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HomeInterviewRadhi Meddeb to Africanmanager ‘’We cannot continue to squander currency’’

Radhi Meddeb to Africanmanager ‘’We cannot continue to squander currency’’

Economist Radhi Meddeb, whom we met on the sidelines of the “Enterprise Days,” gave AfricanManager an exclusive interview in which he warned against the deterioration of Tunisia’s trade deficit which has the effect of accelerating the degradation of the country’s debt and its sovereign rating.


Several experts and financial institutions including the Central Bank of Tunisia (BCT) alerted against slippage in the trade deficit of Tunisia. What do you think?

The trade deficit is structural in Tunisia and has always existed, but what is worrying today is the deep slippage that has reached today levels we had never known before.

Today if things continue at the same pace, the trade deficit may increase at the end of the year with a total of 14 billion dinars, or 18% of GDP, which is absolutely unbearable.

What do you think are the reasons for this slippage?

The reason is simple; we import too much and export little. And we export little because we produce less due to the fact that we are no longer working.

We import too much and so far price trends in the international market have not helped us. Similarly, the evolution of the dinar compared with the import currencies which are the dollar and the euro have not helped, either.

What are the likely consequences of the widening of the trade deficit?

The consequences are simple! We’ll have to always borrow to cover our needs, knowing that the trade deficit can be corrected in part by capital movements related to the balance of payments. Though these global capital movements are positive, (tourism revenues, remittances of Tunisian workers abroad), the current account deficit remains, nevertheless, extremely important to the extent that we can cover it only through external debt that, unfortunately, will serve the consumer goods rather than equipment, which will further deteriorate the situation of the dinar against the import currency.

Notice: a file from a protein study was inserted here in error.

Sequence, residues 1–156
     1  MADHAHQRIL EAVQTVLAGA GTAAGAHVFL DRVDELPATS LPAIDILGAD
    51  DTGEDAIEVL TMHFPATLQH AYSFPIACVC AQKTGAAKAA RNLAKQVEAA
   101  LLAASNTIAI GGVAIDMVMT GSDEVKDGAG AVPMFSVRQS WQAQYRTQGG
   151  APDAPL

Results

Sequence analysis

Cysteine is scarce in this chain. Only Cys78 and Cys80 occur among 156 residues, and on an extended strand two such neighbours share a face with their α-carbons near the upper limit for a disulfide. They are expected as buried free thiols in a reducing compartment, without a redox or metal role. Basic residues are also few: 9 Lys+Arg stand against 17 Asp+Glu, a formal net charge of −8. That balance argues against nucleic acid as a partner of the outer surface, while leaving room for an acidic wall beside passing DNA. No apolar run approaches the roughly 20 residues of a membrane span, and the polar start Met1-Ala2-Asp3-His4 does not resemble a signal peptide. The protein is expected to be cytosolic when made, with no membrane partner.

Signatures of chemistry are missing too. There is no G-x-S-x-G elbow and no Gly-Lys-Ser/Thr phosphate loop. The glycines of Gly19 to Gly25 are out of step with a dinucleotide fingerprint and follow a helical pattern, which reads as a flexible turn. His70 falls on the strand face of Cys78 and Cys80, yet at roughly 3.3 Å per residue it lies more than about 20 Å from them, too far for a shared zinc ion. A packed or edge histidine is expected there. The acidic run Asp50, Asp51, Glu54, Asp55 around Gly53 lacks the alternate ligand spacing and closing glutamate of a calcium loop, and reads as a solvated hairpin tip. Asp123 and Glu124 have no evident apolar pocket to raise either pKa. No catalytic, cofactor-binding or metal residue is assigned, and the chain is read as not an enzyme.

This will also result in further deterioration of Tunisia’s debt and its sovereign rating and leave, therefore, for our children to pay off in the long run what we have consumed over the short term, and this is neither simple nor sustainable.

What do you suggest as solutions to this problem?

We must get back to work and to be responsible in terms of operation. We cannot continue to squander a rare and expensive resource which is the currency for imports that do not meet our needs.

More liberalization of the dinar will be needed so that importers be responsible for the currency they must have to finance their exports.

We cannot continue to import with impunity while the currency is in limited quantity in the market.

Is it possible today to speak of a recovery?

We are still in a period of wait. We hope that the political transition process in progress will end and we will have a new government in place to hopefully see things started.

There are several elements in the recovery including mainly a psychological effect since investment and risk-taking are psychological, hence the need for an enabling environment.

We hope that with the stabilization of institutions, the establishment of a government, the liberalization of energy and the recovery of local and foreign investment, the vision will be clearer.

All studies show today that the potential for growth in Tunisia is limited but there is still a glass ceiling that is 4.9% per year. The glass ceiling (NDR: invisible brake) we will reach it although we are today far as we’re only 50% of the ceiling with a rate of 2% per year. And even if it is reached, it is insufficient because it does not allow creating more than 70,000 jobs a year since the additional demand in terms of employment is 80,000 jobs per year.

Not only we have not been able to meet the additional demand for jobs, but we will have no chance to tackle the stock of unemployed that we have today.

The arrangements to meet this glass ceiling are simple but it will be difficult to implement. Huge projects in all directions are pending, such as banking reform, taxation, the investment code, the social security and welfare system, public companies and the administration.


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